to clear.

Do our learning standards set this kind of standard for process
and performance? You decide. Here’s a sixth grade mathematics standard from the
Common Core:

**Find a percent of a quantity as a rate per 100 (e.g., 30% of a quantity means 30/100 times the quantity); solve problems involving finding the whole, given a part and the percent.**

**CCSS Math Content Standard 6.RP.A.3c**

Now, borrowing an example straight from Bambrick-Santoyo’s
book, let’s look at some questions “aligned” to this standard. Which
question(s) would help us determine if a student was able to “meet the standard?”

**1. Identify 50% of 20**

**2. Identify 67% of 81**

**3. Shawn got 7 correct answers out of 10 possible answers on his science test. What percent of questions did he get correct?**

**4. J.J. Redick was on pace to set an NCAA record in career free-throw percentage. Leading into the NCAA tournament in 2004, he made 97 of 104 free-throw attempts. In the first tournament game, Redick missed his first five free throws. How far did his percentage drop from before the tournament game to right after missing those free throws?**

The answer is: we don’t know! The content standard doesn’t
make clear to what

*extent*a student needs to be able to apply his knowledge, as a sixth grader, or even what form (simple equation vs. complex word problem) we’re looking for. This is because, as it clearly states, it is just a*content*standard. Aligning textbooks and curriculum maps to these standards alone is no guarantee that anyone in your school is working at the same level of rigor, much less the desired or required level.## How can we set performance standards?

If we want to define more clearly what standards for
performance the Common Core is looking for, or the world of college and careers
require, we need to work together. If every teacher in the school sets her own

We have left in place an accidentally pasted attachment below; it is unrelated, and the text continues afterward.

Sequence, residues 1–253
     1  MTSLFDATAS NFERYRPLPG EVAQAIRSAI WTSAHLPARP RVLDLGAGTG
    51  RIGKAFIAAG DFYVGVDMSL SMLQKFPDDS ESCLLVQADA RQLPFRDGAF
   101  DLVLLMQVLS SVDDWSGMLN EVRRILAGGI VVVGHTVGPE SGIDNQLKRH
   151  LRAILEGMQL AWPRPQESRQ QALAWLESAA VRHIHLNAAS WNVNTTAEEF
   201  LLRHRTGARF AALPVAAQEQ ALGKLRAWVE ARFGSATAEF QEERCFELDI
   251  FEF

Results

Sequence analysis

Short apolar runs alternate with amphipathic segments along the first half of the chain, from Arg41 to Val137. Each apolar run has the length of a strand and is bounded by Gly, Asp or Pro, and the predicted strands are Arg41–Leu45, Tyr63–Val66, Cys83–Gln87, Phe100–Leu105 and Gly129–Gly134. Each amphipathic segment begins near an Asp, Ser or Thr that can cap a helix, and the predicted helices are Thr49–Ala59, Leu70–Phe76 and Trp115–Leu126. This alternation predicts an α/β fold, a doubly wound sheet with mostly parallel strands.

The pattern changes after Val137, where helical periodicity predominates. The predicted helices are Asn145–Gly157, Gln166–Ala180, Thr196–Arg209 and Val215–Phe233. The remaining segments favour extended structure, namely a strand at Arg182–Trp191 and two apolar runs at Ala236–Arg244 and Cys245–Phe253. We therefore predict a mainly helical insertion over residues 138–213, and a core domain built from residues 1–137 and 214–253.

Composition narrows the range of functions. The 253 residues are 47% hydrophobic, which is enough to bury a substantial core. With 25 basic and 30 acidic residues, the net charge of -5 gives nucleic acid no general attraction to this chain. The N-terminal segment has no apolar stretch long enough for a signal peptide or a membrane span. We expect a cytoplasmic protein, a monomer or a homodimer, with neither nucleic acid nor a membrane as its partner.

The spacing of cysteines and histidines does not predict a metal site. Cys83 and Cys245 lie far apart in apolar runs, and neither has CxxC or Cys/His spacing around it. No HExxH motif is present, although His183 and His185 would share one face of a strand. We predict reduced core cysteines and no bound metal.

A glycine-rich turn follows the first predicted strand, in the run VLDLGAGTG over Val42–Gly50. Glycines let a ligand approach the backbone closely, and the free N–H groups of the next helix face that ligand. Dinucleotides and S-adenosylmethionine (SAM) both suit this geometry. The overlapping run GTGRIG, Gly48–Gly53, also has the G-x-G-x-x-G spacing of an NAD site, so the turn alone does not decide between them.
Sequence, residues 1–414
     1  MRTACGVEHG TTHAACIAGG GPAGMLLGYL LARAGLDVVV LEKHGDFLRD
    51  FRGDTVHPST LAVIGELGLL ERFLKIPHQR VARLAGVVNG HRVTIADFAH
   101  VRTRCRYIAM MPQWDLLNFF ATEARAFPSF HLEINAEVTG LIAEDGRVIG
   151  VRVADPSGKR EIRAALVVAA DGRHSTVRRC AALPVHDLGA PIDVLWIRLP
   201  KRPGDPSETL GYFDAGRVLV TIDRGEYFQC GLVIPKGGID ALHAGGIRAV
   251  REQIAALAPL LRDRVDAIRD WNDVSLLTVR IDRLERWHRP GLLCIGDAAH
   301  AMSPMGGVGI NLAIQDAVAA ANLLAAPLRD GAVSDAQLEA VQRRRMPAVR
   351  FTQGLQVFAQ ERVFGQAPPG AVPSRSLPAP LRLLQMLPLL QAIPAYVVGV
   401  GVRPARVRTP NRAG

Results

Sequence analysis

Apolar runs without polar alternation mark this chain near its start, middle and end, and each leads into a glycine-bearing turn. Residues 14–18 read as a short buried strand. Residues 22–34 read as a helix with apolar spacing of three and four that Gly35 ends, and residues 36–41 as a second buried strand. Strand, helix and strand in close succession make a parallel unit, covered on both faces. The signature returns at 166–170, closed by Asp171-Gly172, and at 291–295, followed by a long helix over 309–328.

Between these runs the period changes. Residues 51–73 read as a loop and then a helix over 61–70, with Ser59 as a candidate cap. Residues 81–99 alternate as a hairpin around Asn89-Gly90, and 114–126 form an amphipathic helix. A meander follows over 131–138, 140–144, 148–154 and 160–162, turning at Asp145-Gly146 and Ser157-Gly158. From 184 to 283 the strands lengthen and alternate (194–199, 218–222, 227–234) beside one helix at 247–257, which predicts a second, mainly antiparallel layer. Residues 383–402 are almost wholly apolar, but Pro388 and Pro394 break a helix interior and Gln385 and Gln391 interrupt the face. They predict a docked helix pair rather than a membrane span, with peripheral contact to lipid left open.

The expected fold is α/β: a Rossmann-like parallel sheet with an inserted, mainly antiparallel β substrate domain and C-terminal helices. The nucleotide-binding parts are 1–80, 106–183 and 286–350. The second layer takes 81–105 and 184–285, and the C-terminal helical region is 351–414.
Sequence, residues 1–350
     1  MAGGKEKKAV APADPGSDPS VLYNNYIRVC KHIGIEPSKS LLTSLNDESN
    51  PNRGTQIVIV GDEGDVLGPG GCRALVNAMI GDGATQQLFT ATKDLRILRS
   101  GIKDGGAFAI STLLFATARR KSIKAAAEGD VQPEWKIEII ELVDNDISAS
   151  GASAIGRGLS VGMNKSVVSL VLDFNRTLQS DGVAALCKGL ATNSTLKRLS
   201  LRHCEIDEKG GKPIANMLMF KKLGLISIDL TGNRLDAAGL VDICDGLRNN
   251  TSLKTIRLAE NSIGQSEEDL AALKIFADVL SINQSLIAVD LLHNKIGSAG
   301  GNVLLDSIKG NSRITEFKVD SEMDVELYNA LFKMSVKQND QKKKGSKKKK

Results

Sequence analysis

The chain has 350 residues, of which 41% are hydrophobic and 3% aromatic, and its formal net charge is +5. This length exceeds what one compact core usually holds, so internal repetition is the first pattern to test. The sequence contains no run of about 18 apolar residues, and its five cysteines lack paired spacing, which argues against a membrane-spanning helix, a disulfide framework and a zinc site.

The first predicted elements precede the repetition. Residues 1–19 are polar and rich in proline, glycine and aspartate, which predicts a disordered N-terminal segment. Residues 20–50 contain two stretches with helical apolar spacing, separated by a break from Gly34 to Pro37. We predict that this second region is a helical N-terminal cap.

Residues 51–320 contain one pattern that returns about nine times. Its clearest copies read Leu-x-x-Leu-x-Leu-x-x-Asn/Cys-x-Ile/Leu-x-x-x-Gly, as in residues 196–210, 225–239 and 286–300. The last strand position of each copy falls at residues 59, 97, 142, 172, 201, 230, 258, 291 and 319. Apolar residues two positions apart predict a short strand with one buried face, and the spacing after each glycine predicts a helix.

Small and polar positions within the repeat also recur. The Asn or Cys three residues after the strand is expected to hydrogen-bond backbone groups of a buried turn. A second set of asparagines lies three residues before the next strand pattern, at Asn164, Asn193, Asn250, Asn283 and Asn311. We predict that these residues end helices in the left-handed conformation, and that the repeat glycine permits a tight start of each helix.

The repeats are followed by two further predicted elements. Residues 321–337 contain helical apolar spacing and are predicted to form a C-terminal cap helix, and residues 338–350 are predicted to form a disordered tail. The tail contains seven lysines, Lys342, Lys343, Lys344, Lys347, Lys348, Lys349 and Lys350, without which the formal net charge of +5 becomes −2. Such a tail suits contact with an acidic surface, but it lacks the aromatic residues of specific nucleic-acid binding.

standard for excellence, for rigor, for “CCSS-ness,” there is no standard at
all. One teacher may be aiming for
Question 1 from the example above, while another teacher aims for Question 4. We
need commonly understood and accepted exemplars or anchors that tie performance
to content.

Fortunately, we are not working in a vacuum. There is a lot
of useful material

*surrounding*the Common Core State Standards. We just need to make sure we’re aware of it, and know how to use it.**Literacy**

The authors of the literacy standards have provided a lot of
exemplar material to help us understand proficiency at different grade levels. Appendix B to the
standards provides text exemplars by grade band, listing appropriate literary
and informational texts, and also providing excerpts that teachers can use in
class to practice close, analytical reading. The exemplars even distinguish
texts that are appropriate at the independent reading level from texts that
should be read aloud. Personally, I find these exemplar texts far more useful
than the three-part equation for calculating text complexity. When I look at
the excerpts, I get a real, visceral feeling for what rigorous means—and I can
go out to hunt for other texts that measure up.

Appendix B also includes sample “performance tasks” at
different grade levels. We know that the complexity of a particular text
depends, in part, on what you ask students to do with that text. Here, the
authors give us some rich examples of what textual analysis should look like at
different grade levels.

Finally, Appendix C
provides us with exemplars of student writing at different grade levels, with
explanatory annotations to show us what makes the sample a true exemplar of
good work.

The exemplars, tasks, and writing samples give us a real